60th anniversary of Hartlepool United's famous FA Cup tie with Manchster United's Busby Babes
IT'S a day forever imprinted in the memories of all those lucky enough to be squashed into the Victoria Ground.
The day Hartlepools United very nearly knocked the famous Busby Babes out of the FA Cup - which now celebrates it’s 60th anniversary.
On January 5, 1957 Pools hosted the mighty Manchester United in the third round of the FA Cup.
Pools came from 3-0 down to almost complete the giant killing of all giant killings – eventually losing 4-3 to Matt Busby’s side.
Pools star striker Kenny Johnon was one of the Pools players on target on that famous day and his daughter, Julie Greenhow, told SportMail: “ I am proud to say I am the daughter of one of those goal scorers - Ken Johnson.
“Those were the days when Pools had a great team who played for the game and not the money. They were team players and goalscorers and a formidable manager in Fred Westgarth and trainer Ned Westgarth.
“Fred Westgarth was ill and couldn’t be at the match but got a message from Matt Busby to say what a great game our Hartlepools United team played to the very end. A game that still shines in the history of Hartlepool.
“Proud moments that generations of townfolk have lived over and over again.”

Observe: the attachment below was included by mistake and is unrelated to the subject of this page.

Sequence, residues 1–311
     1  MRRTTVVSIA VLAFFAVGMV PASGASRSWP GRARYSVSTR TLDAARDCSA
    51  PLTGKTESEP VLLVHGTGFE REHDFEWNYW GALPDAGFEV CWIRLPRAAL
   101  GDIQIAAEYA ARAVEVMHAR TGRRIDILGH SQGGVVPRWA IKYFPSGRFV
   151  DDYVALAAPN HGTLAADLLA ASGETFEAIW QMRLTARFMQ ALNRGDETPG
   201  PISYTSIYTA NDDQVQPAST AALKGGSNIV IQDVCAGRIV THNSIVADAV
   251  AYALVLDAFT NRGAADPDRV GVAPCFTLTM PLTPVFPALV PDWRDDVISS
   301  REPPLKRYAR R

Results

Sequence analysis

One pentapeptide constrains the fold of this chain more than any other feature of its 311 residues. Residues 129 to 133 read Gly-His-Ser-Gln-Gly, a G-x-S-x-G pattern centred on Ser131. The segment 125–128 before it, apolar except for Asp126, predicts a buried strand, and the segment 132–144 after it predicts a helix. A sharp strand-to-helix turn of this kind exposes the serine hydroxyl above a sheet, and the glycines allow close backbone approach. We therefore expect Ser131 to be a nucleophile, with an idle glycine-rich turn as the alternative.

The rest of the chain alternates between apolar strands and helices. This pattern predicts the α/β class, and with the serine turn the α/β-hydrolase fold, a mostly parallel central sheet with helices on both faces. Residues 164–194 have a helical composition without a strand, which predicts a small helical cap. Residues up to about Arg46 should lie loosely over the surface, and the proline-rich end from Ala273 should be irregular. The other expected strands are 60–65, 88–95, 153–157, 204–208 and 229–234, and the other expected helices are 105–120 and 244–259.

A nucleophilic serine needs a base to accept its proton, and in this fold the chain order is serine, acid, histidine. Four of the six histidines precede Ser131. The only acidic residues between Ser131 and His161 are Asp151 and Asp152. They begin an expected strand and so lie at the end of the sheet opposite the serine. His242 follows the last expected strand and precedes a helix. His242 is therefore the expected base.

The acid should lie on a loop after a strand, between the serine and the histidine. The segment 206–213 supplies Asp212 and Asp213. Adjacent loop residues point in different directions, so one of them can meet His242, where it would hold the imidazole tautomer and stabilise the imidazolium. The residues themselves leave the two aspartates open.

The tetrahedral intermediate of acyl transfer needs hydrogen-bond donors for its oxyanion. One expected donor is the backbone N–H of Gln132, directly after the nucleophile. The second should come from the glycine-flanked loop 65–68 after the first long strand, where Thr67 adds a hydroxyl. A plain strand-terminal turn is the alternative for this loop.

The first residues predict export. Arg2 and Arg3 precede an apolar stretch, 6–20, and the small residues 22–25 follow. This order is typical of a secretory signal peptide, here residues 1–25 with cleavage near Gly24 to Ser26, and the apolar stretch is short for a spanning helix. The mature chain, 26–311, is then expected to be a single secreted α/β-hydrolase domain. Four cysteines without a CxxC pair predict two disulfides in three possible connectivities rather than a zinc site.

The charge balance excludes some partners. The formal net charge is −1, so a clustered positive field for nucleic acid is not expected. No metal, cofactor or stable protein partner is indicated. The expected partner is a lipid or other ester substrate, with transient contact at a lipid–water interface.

If you have relatives of a certain age, they will all tell you they were at the Victoria Ground for this David v Goliath contest.
As it was, the official attendance must have been wrong, it says ‘only’ 17,264 were there, not the 50,000 who said they were there!
Busby brought a side many footy historians rate as one of the best, only for the Munich Air Disaster to intervene.
The Busby Babes raced in front through Billy Whelan, Johnny Berry and Tommy Taylor, but back came Pools through Frankie Stamper, Kenny Johnson and Jackie Newton.
At 3-3, a replay beckoned, only for Whelan to hit the winner.
Seven of the Manchester United XI died in the Munich disaster – Roger Byrne, Eddie Coleman, Mark Jones, Duncan Edwards, Whelan, Tommy Taylor and David Pegg.
It was a game what Matt Busby later described in his autobiography as “the most exciting match I’ve ever watched.”